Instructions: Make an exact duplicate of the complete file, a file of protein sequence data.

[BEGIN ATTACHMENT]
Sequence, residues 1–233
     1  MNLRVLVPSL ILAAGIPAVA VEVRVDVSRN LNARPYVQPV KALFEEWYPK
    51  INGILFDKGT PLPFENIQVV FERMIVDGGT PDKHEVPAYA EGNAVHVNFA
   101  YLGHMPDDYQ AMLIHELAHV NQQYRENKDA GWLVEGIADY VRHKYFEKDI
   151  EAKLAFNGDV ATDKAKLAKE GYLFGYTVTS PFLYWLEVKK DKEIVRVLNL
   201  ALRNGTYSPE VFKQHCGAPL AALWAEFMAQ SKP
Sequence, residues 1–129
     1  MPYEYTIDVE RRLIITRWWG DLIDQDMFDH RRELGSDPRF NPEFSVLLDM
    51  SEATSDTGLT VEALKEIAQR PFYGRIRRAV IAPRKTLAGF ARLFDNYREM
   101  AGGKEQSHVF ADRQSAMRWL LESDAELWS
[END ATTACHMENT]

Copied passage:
Sequence, residues 1–233
     1  MNLRVLVPSL ILAAGIPAVA VEVRVDVSRN LNARPYVQPV KALFEEWYPK
    51  INGILFDKGT PLPFENIQVV FERMIVDGGT PDKHEVPAYA EGNAVHVNFA
   101  YLGHMPDDYQ AMLIHELAHV NQQYRENKDA GWLVEGIADY VRHKYFEKDI
   151  EAKLAFNGDV ATDKAKLAKE GYLFGYTVTS PFLYWLEVKK DKEIVRVLNL
   201  ALRNGTYSPE VFKQHCGAPL AALWAEFMAQ SKP
Sequence, residues 1–129
     1  MPYEYTIDVE RRLIITRWWG DLIDQDMFDH RRELGSDPRF NPEFSVLLDM
    51  SEATSDTGLT VEALKEIAQR PFYGRIRRAV IAPRKTLAGF ARLFDNYREM
   101  AGGKEQSHVF ADRQSAMRWL LESDAELWS